Going off to preschool is a big moment in a child's life, but a new study found that these children may be exposed to racial bias in their preschool classes — through their teachers.
Researchers from the Yale University Child Study Center revealed that teachers are more likely to expect young black children, particularly boys, to misbehave, according to the Washington Post. As part of the study, more than 130 preschool teachers watched video clips of students and were asked to point out signs of "challenging behavior."
However, unbeknownst to the teachers, the children in the clips were actually actors and did not exhibit any difficult behaviors. Equipment that tracked the teachers' gaze found that they spent more time looking at black children — especially black boys — than white children. Lead study author Dr. Walter S. Gilliam told the Washington Post that the findings show that teachers expect problems from black children — and that racial biases are deeply rooted.
"Implicit biases do not begin with black men and police. They begin with black preschoolers and their teachers, if not earlier," Gilliam said. "Implicit bias is like the wind: You can't see it, but you can sure see its effects."
Related: See children caught up in political protests and racial tensions:
Children caught up in race relations, political protests
Children caught up in race relations, political protests
Eight year-old Angelo Estes Jr. calls for the arrest of Officer Betty Shelby, who shot dead unarmed motorist Terence Crutcher, with other protesters outside the Tulsa Police headquarters in Tulsa, Oklahoma, U.S. September 20, 2016. REUTERS/Nick Oxford TPX IMAGES OF THE DAY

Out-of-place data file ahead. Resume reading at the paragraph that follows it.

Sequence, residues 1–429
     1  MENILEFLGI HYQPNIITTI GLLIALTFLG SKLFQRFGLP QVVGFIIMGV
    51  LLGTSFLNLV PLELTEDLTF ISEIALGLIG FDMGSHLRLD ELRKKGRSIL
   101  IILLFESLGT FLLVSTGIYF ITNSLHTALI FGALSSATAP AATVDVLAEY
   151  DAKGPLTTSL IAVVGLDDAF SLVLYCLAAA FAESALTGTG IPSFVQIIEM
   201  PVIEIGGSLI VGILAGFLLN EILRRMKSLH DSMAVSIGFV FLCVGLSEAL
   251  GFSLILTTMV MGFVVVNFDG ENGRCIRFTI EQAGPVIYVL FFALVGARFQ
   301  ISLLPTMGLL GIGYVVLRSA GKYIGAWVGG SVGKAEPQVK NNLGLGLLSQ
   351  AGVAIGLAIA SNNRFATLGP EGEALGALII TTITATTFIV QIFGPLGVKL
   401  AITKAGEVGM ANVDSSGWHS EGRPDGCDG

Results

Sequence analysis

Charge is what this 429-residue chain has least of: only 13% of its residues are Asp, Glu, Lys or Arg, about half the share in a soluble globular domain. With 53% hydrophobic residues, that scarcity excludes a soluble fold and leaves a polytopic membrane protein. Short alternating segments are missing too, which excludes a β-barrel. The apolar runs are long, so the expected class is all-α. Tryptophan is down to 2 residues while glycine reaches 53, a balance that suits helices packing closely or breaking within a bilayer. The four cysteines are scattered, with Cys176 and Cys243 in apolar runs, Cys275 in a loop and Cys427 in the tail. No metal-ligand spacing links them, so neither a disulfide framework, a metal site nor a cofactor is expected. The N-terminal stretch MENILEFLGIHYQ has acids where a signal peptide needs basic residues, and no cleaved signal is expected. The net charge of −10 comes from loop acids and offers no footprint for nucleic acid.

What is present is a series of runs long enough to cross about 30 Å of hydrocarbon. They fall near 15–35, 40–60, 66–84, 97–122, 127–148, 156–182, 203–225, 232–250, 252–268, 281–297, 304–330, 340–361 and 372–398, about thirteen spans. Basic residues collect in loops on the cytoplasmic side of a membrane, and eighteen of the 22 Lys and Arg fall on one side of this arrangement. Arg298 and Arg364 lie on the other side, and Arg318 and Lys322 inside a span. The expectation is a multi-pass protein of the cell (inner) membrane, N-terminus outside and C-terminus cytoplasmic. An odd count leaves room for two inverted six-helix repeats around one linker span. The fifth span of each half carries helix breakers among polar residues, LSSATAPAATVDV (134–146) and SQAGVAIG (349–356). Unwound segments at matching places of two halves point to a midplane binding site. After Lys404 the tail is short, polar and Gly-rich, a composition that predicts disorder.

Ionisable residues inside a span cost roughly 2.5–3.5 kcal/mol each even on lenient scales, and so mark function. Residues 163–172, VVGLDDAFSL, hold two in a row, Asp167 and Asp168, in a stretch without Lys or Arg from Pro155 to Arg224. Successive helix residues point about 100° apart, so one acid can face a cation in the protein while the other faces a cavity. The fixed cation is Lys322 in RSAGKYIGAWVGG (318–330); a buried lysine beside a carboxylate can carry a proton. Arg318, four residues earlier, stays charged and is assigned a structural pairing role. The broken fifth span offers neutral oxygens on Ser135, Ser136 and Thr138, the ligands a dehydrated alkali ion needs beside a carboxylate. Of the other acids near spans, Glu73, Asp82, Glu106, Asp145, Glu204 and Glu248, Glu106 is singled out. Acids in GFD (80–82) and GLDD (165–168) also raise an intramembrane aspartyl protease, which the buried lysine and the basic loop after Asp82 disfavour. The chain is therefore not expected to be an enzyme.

Nyla Joseph, 9, a daughter of a U.S. military veteran demonstrates with veterans outside U.S. Republican presidential candidate Donald Trump's news conference outside Trump Tower in New York, U.S., May 31, 2016. REUTERS/Shannon Stapleton
Malakai McCoy, age 3 years, gets a touch-up from his mother Maybelline McCoy as he and his sister Amayah McCoy hold a sign next to their baby stroller during the 'Our Generation, Our Choice' protest in downtown Washington November 9, 2015. The Monday march to highlight race, climate, and immigration issues was timed to mark exactly one year until the 2016 U.S. presidential election, according to protesters. REUTERS/Jonathan Ernst
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MANHATTAN, NEW YORK CITY, NEW YORK, UNITED STATES - 2015/11/22: Kids with Tamir Rice signs. Stop Mass Incarcerations Network sponsored a children's march demanding accountability on the one year anniversary of Tamir Rice's death at the hands of the Cleveland police. (Photo by Andy Katz/Pacific Press/LightRocket via Getty Images)
BROOKLYN, NEW YORK CITY, NEW YORK, UNITED STATES - 2016/01/18: Trio of young protesters with hand-lettered sign. Hundreds of Brooklyn residents gathered in Bay Ridge at the site of an alleged bias attack for a march entitled 'Muslims Our Neighbors' in support of Bay Ridge's Islamic community. (Photo by Andy Katz/Pacific Press/LightRocket via Getty Images)